Mary Ann would have liked it had she been sitting with me.  The music was powerful, to her liking.  The sermon was centered on our hope and the certain promise that is the only thing that frees us to face the struggles, lament the losses, and come out alive and well.

It would have pleased Mary Ann to have Niece Diana and husband Al sitting with us. Diana, who simply does not fly no matter what, flew here to honor her Aunt Mary Ann.  Diana was the only one of our two families who was invited to stand up with us at our wedding.  They have always had a special relationship.

Our blood relatives were expanded by our adopted brothers and sisters from Kansas City, three remarkable people who had special roles with the Volunteers (by now totaling at least 70-80 over the years), members of the Spiritual Formation Group that has been a source of strength for the last 8-9 years.

Lot’s of our family and close friends who could not make such a long trip from Northern Illinois on such short notice will have an opportunity in the near future when a date is set to gather there for an event to celebrate and remember Mary Ann. It will include a short worship segment to help clarify just what has happened here and the hope that sustains us.  There will also be food to sustain us.

Have I told you yet that I really don’t like this.  I just thought I would mention it, in case you were unaware of it.

I suppose there were a couple of hundred people who attended the funeral today. What a testimony to the lives that Mary Ann has touched.  As Lutherans are wont to do, they sang loudly, filling that room with the declaration that in the face of death life has won again.  There were instrumentalists, one whose Father is thirty-two years into Parkinson’s, another who lost a Mother and a Sister to forms of Alzheimer’s. The full organ lifted our spirits.  If there were 200 people there, there were pretty close to 200 hugs that helped me and the Kids.

The vocalists included Carol, who has sung for decades and directed the choir here for many years before I arrived.  Her “Now the Green Blade Rises” burrowed into me as I began to feel the significance of the central message of the service.  Kristen’s “Consecration” took the breath away from every one of us in that room. It was done to honor all those who ministered to Mary Ann as Volunteers. I knew Mary Ann would have been especially pleased when Kristen sang “Laudatus Dominum” by Mozart.  It was certainly not possible for me to keep my composure when she sang.  I needed that release.  It was so meaningful that Kristen took time to fly in from Boston to sing. There is no one at any level whose voice is more beautiful than hers.

The readings and the words of Pastor Jim and Pastor Mike drew us to the One in whom we trust, the only One who has the power to make a difference at a time like this.  They celebrated the faith of Mary Ann who has a joyful and secure future that we would not presume to describe but to which we look forward as we journey on after death has done its worst.

Last night was a fairly restful one other than the early declarations of a wayward blackberry that decided 5:45am would be a good time to start the day.  It only took one roll back and forth under the tires of the van to solve that problem.  (Only kidding, Denis.)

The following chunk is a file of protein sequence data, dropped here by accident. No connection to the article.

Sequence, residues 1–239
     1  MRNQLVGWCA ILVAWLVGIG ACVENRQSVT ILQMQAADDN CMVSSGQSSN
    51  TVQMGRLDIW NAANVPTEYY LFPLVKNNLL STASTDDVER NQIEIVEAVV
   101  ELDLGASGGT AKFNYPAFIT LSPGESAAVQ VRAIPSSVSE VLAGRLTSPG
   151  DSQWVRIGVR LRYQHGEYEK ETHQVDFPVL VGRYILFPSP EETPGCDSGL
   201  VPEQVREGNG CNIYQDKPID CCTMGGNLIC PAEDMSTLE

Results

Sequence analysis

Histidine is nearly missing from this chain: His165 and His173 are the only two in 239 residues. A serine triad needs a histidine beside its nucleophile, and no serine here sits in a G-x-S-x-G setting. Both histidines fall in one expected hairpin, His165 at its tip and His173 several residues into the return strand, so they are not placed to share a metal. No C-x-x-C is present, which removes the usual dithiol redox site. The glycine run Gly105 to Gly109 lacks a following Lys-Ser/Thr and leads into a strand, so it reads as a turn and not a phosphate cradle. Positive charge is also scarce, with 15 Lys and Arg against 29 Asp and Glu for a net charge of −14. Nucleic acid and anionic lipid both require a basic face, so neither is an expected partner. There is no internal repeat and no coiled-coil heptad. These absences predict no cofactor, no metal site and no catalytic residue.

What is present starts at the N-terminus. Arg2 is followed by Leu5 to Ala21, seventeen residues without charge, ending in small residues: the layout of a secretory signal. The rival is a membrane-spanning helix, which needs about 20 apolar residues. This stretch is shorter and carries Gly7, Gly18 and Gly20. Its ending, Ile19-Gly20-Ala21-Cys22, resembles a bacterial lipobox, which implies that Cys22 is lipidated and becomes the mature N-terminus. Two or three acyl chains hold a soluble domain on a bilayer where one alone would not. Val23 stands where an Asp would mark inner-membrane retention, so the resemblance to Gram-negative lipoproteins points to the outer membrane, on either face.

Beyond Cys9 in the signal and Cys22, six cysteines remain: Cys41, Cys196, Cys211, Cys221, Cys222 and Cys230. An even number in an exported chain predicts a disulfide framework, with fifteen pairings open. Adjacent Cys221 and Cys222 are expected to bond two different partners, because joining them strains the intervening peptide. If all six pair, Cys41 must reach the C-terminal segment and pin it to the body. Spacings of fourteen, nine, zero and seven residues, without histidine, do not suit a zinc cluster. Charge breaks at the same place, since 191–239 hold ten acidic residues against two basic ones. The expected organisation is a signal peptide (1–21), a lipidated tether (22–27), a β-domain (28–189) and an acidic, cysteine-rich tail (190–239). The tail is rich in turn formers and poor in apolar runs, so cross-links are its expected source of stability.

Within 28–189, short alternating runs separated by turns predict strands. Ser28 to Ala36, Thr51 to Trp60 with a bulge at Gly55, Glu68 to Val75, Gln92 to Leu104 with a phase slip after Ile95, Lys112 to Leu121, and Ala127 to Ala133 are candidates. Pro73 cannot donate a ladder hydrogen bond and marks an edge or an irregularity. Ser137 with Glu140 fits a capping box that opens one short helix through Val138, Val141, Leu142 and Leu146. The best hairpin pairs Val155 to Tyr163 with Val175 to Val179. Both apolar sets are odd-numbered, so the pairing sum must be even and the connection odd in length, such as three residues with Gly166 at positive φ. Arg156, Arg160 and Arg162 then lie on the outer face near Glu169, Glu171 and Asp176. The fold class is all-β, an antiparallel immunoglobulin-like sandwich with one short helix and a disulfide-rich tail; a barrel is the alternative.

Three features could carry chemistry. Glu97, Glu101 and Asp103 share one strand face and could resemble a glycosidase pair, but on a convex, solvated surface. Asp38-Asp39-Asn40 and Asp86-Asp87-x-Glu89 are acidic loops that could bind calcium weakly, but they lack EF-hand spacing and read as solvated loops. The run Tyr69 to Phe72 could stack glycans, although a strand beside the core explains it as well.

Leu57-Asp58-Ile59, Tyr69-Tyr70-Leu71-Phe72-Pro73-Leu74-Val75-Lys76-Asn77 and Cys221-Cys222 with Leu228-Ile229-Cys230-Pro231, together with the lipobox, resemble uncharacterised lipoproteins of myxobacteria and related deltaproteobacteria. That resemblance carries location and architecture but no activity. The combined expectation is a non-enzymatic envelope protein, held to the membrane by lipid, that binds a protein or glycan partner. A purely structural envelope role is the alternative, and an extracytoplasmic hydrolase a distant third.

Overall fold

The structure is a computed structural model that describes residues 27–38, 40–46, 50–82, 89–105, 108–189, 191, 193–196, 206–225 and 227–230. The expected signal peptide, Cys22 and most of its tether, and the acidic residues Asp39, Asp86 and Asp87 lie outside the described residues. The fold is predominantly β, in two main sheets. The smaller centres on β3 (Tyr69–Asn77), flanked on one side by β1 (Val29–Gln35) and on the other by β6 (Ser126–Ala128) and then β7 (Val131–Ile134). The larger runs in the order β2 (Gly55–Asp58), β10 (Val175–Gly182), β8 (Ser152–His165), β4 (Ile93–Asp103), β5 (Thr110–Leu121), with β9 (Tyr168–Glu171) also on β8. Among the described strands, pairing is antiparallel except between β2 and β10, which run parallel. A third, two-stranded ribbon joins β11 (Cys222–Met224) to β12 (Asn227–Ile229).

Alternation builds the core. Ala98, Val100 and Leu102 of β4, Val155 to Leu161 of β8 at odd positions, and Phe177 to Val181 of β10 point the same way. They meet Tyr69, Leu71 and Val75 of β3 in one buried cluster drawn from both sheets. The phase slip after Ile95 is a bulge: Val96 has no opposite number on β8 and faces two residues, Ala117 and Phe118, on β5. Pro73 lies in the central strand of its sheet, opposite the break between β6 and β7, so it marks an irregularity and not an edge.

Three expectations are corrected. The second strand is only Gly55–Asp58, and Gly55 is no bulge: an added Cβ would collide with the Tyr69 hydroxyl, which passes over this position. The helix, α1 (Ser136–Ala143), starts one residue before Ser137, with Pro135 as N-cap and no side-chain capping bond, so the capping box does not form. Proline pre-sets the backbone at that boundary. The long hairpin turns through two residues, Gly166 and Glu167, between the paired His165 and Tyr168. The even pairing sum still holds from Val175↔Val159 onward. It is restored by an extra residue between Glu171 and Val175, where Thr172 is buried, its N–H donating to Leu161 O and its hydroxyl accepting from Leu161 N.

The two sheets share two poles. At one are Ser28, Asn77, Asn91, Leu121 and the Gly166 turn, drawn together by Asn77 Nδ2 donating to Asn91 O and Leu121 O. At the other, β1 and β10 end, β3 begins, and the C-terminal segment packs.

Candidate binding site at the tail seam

I was, of course, very restless this morning, pacing back and forth.  I connected with PT’s Coffee to be sure all was well for a delivery for the dinner after the service.  I had made clear that I was not asking for a favor but would pay for that treat.  When the Kids went to pay for it, Co-owner and friend Jeff would take no payment.  A number of folks confirmed that the coffee was great.

The waterfall stopped again this afternoon, but it was only a GFI outlet.  We don’t know why it popped, but we hope it doesn’t do it again.  Brad, who built the pondless waterfall, came by almost immediately to determine the problem.

Tomorrow brings even more finality to this leg of life’s journey.  There will be a very short committal service at the grave side late in the morning.  It is called an Inurnment since there will be ashes (cremains) in an urn to be buried.  Again, since Mary Ann has already gone on her way, it is simply the period at the end of the sentence.  I don’t really know how that will feel.  Today’s service was very moving especially with the powerful music. Tomorrow’s includes a few short readings and spoken words only.

The Kids have chosen not all to leave at the same time so that I will be eased into a full encounter with the empty house.  I have lots of grieving to do.  I will need time alone to do some of it.  Just as I did during the years with Mary Ann, I plan to experience fully this leg of the journey.  I am convinced that embracing whatever is going on is the best way to get through it and on to what comes next.  If I try to short-circuit the process, avoid the pain at all cost, I will be left to carry the baggage of unfinished business.  If I do that, it will most certainly catch up at some time.  I do not want to wallow in it, nor do I want to waste the pain. I want to feel it and learn from it. That will be a lasting gift to me from Mary Ann and a way for me to honor who she has been during her time here with me.  Doing the work will allow me to get on with the life I am being given unencumbered by regrets and denial.

By the way, have I told you yet that I really don’t like this.  I just thought I would mention it, in case you didn’t remember.

It is time to sleep.

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